The hon. Lady's Bill is, as she said, much wider than the scope of the Government's Bill. She seems to be proposing a system under which any aspect of any decision at any point of the adoption process would be subject to independent review. That cuts across the principle that I set out earlier--that adoption is a mainstream local authority function and should be dealt with through those processes. A process whereby every facet of every part of every decision could be subject to independent review would hardly be likely to speed up the process of adoption and clear decision making. Again, I am sure that the matter will be examined in Committee.

The role of guardians ad litem is clearly set out in law. They are appointed in care order and contested adoption cases to provide the court with independent expert advice, and to represent and advise on the child's interest and welfare. They are not set up or empowered to act as some sort of independent inspectorate or regulator of social services, as the hon. Lady seemed to intend--although I may have misinterpreted her. There has been no call from guardians ad litem for an appeal mechanism such as her Bill sets out.

Mrs. Spelman: I am grateful to the Minister for giving way. Because of the existence of the two Bills, it is easy to be confused. When he says that the matter will be considered in Committee, is he saying that the provisions of my Bill will be considered in a special Select Committee, or is he speaking of the Government's Bill? I need to know that in order to decide whether to press the Second Reading motion to a Division.

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Mr. Denham: The answer is that I have no control over the amendments that the Opposition might choose to table to the Government's Bill at the appropriate time. Clearly, all the issues raised by the hon. Lady are capable of being discussed as amendments to the Government's Bill. Procedurally, it is not possible to take both Bills forward at the same time, so it will be for her to decide what she wants to do with her own Bill. The issues that she wishes to raise could be tabled at the appropriate point in Committee as Opposition amendments to the Government's Bill, which received its Second Reading on Monday night. Beyond that, it is not for me to give advice on procedural matters.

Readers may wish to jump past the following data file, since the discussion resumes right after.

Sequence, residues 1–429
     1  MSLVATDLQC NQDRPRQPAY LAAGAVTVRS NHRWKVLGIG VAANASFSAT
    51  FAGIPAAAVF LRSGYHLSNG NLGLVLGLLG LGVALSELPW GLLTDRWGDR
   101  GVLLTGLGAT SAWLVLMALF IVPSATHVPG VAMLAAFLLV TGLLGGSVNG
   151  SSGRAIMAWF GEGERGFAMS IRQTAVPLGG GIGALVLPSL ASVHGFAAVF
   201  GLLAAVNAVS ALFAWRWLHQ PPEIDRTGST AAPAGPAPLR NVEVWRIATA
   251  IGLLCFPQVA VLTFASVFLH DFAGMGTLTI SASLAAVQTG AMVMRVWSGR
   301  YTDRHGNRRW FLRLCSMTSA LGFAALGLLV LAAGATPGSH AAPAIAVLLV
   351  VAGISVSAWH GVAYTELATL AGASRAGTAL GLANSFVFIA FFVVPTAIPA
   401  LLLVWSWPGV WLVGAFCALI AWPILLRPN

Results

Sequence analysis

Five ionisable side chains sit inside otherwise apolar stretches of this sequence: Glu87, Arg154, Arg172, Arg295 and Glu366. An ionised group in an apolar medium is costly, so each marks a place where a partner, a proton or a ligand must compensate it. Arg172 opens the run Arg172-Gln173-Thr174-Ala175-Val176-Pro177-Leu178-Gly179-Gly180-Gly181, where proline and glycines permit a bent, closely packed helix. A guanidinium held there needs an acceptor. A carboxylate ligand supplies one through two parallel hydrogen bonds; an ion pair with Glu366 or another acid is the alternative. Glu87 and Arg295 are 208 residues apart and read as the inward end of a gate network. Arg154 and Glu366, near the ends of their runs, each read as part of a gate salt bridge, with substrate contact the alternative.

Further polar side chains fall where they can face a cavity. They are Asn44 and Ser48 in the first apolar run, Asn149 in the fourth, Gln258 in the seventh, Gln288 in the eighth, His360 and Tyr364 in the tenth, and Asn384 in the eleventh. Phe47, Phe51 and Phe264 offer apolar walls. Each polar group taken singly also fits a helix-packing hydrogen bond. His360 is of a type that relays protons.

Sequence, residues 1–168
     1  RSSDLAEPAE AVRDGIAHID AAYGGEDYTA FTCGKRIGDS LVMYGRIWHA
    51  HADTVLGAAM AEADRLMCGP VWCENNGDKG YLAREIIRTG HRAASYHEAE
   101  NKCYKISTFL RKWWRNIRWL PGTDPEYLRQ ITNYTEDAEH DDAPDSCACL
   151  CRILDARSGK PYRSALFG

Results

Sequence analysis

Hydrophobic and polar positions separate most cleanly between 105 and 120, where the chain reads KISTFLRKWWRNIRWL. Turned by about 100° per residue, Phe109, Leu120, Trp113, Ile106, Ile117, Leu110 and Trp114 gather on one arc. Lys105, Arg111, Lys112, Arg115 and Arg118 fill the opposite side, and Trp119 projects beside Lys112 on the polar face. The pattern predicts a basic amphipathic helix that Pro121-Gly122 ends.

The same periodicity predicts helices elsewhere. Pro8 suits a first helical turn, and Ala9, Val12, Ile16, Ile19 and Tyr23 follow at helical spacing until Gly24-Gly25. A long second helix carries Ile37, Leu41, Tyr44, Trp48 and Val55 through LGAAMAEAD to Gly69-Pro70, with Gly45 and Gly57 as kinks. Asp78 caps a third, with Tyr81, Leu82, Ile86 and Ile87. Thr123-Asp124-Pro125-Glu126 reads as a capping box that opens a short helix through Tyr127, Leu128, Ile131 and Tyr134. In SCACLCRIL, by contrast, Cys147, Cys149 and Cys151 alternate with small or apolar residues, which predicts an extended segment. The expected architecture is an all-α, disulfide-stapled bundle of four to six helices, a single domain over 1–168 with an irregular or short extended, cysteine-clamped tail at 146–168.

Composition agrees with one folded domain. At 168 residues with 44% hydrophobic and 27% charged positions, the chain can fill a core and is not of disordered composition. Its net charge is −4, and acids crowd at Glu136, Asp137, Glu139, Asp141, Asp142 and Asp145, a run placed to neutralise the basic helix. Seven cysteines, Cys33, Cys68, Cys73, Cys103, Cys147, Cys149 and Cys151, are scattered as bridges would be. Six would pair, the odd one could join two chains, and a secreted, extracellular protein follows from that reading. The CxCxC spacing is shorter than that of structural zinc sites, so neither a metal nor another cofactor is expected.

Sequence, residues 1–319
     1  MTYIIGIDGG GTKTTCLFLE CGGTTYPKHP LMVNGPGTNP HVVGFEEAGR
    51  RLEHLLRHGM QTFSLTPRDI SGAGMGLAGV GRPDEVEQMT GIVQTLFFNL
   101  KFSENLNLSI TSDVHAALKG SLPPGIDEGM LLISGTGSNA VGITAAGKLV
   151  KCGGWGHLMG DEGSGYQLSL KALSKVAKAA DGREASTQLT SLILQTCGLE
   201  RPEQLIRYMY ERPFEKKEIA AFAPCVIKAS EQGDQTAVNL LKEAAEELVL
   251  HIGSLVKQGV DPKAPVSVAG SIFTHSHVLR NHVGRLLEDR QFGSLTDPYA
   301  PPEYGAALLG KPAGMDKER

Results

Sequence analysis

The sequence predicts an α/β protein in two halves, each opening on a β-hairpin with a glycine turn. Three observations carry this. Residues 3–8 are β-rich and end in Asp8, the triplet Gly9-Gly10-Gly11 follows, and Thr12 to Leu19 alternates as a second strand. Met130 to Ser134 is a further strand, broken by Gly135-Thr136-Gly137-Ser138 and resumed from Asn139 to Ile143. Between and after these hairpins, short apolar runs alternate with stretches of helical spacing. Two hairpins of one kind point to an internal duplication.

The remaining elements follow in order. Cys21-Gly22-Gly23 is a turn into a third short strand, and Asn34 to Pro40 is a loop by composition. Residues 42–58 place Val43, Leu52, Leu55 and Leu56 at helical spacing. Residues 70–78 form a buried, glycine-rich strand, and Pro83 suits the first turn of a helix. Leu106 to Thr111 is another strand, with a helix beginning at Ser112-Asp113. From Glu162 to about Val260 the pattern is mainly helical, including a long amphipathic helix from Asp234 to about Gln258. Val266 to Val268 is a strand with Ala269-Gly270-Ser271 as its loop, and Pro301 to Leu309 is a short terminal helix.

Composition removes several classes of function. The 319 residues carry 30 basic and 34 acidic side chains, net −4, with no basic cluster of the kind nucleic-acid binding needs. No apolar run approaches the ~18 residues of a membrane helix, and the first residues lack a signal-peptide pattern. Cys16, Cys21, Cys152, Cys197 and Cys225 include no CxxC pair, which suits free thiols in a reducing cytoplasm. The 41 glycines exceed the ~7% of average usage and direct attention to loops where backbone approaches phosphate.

We cannot commend the hon. Lady's private Member's Bill because we believe that adoption issues are better dealt with by the Government's Bill. As that Bill makes its way through the House, there will be more than enough opportunity for all the issues that were raised today to be discussed on the basis of amendments tabled by members of that Committee. I have no doubt that the Government will want to ensure that all those issues are properly considered, but I am afraid that I cannot commend the hon. Lady's Bill to the House.

1.45 pm

Mrs. Spelman: I was listening attentively--

Mr. Deputy Speaker: Order. The hon. Lady must have the leave of the House.

Mrs. Spelman: With the leave of the House, I should like to respond to the Minister's speech, to which I listened attentively. I listened especially carefully to his final remarks, which dealt with the specific content of the Bill. Of course, I recognise that the existence of two Bills that deal with adoption--mine and the Adoption and Children Bill--can result in some ambiguity, but I hope that all hon. Members will accept that this debate will at least help to ensure that something will happen in the very near future. That is the important point. Furthermore, if my Bill was a catalyst for the Government's Bill, that would also make it worth while.

The fact that we are debating both Bills at what appears to be the 11th hour before a general election increases the chance of their prompt reappearance in the next Parliament. Obviously, it is arrogant of any Government of any persuasion to assume that they will be re-elected or to think that any business that falls before an election will automatically reappear afterwards. Such assumptions cannot be made, but we have pledged that when and if we are elected, we will announce an adoption Bill in our first Queen's Speech.